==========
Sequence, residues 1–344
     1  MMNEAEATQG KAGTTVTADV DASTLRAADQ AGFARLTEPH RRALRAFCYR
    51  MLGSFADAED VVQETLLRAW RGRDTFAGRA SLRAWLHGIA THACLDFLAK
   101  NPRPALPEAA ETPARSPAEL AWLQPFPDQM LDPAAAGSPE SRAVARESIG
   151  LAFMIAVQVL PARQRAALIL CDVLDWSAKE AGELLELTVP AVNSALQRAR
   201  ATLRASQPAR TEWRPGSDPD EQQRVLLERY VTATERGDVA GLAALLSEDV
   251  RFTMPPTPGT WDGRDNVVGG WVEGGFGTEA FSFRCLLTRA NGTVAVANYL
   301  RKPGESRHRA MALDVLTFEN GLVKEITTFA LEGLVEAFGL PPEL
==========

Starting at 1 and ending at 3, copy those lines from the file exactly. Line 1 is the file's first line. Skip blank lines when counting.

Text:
Sequence, residues 1–344
     1  MMNEAEATQG KAGTTVTADV DASTLRAADQ AGFARLTEPH RRALRAFCYR
    51  MLGSFADAED VVQETLLRAW RGRDTFAGRA SLRAWLHGIA THACLDFLAK